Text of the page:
That is why, in all my poetry columns that appeared in WD, I sent advance copies to my sources and asked them to see if they were quoted accurately. I included a general warning, however, asking them to review their quotations to ascertain if there were any factual errors—emphasizing that they could not change any part of or meaning of the quote or other information about them—unless I had made a mistake. In the decade that I did this, most sources pointed out grammatical errors or typos in their own or other parts of the column—stuff I was grateful for—but no one, to my memory, asked me to change or otherwise doctor a quotation.
On the other hand, many years ago I tried to do an investigative piece intended for WD on anthologies that ask contributors to pay $35 (at that time) for a copy that includes their work. I sent to those anthologies excuse letters from my ethics students at Ohio University, typed as poems under the ridiculous byline—"I. Emma Poet"—and did not include any SASE as instructed to do in ads by those companies. Each anthology took the bait, praising these excuse letters as poems. Now, in that case, because this was an investigative piece, I would never give sources the right to see their advance quotations. Doing so would run the risk of their denials. That undermines accuracy, which is why WD is asking others to weigh in on the topic.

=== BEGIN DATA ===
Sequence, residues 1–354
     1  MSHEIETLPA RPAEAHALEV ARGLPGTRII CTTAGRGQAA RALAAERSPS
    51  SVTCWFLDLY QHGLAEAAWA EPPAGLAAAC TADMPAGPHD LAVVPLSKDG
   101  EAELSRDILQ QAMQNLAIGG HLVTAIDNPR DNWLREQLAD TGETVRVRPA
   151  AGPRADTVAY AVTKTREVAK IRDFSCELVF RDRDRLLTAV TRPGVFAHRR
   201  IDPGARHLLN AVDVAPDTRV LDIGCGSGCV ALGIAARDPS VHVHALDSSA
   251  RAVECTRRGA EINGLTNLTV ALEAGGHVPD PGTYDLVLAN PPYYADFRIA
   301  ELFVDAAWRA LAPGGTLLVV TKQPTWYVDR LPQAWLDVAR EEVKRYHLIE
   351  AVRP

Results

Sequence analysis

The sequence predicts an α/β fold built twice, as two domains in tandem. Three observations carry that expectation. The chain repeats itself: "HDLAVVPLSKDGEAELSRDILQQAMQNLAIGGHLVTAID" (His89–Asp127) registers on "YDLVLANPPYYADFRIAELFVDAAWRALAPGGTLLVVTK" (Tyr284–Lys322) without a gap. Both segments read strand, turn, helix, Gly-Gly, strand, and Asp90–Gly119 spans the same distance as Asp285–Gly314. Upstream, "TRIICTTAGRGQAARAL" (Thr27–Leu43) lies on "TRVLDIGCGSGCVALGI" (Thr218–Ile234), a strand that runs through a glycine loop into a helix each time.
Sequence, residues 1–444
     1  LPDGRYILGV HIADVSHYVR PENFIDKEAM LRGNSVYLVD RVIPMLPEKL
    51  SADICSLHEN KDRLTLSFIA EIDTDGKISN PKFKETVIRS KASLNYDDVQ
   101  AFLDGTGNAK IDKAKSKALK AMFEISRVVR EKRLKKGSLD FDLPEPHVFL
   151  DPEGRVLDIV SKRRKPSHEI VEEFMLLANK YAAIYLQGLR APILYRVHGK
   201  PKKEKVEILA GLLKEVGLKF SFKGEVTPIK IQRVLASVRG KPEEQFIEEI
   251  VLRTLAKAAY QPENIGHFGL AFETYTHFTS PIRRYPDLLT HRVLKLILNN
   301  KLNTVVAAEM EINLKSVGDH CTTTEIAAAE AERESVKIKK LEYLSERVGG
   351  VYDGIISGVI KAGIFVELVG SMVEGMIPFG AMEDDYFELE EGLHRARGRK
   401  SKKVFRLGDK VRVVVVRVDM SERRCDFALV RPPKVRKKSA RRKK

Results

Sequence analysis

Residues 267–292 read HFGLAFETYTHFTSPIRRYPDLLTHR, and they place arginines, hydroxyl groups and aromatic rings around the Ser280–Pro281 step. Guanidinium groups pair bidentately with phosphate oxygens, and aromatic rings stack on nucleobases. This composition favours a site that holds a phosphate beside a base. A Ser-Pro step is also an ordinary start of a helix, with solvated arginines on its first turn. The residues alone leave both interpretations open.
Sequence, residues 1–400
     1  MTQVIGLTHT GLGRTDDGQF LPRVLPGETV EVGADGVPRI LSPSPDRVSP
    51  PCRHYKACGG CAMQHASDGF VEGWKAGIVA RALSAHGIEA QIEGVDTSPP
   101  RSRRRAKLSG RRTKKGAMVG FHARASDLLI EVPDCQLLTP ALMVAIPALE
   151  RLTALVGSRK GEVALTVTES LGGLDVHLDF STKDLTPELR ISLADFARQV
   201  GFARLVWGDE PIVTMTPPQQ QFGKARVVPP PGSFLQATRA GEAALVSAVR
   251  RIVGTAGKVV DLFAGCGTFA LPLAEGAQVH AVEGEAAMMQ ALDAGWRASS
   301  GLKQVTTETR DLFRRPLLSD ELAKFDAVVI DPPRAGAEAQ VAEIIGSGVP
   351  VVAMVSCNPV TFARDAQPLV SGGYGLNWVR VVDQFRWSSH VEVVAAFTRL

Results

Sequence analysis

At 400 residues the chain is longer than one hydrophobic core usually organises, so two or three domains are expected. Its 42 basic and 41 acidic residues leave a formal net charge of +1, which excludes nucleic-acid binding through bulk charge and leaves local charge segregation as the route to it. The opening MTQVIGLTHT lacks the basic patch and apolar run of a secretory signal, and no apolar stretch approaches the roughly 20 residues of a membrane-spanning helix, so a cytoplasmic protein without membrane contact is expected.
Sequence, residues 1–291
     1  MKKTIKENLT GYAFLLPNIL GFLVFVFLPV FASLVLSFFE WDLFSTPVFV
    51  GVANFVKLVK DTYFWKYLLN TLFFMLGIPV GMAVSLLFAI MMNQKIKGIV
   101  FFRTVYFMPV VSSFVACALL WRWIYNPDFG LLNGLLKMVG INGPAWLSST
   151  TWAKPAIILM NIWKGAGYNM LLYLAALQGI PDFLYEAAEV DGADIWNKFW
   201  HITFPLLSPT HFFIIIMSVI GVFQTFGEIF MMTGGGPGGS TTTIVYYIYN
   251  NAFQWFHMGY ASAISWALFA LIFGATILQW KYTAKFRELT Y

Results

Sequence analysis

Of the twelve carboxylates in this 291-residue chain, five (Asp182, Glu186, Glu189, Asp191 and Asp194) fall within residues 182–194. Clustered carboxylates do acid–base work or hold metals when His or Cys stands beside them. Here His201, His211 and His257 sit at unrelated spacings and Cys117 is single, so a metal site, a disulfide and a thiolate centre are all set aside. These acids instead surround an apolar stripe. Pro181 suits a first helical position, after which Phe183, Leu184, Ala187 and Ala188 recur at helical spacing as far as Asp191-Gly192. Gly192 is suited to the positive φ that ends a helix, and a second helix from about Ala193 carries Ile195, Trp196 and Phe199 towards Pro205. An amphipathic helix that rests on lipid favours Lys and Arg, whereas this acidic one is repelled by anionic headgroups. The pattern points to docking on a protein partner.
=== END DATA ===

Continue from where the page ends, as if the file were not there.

I should mention, however, that WD refused to consider that anthology column, asking me to do an alternate piece on publications that accept poems without asking contributors to purchase copies. (I did that.) And though the current WD editor is a personal fan of mine, whom I worked with as a news journalist and admire as a magazine journalist, no doubt she will think long about whether to publish the above anecdote, however tame, because of long-held tenets of magazine journalism. (If you're reading this paragraph, she is placing truth above concept as an act of courage—not magazine practice.)
Accuracy is paramount in magazine journalism as in newspaper journalism. But the method of getting the quotation right—showing it in "concept" pieces or withholding it in investigative ones—requires, as everything else, knowledge of the medium.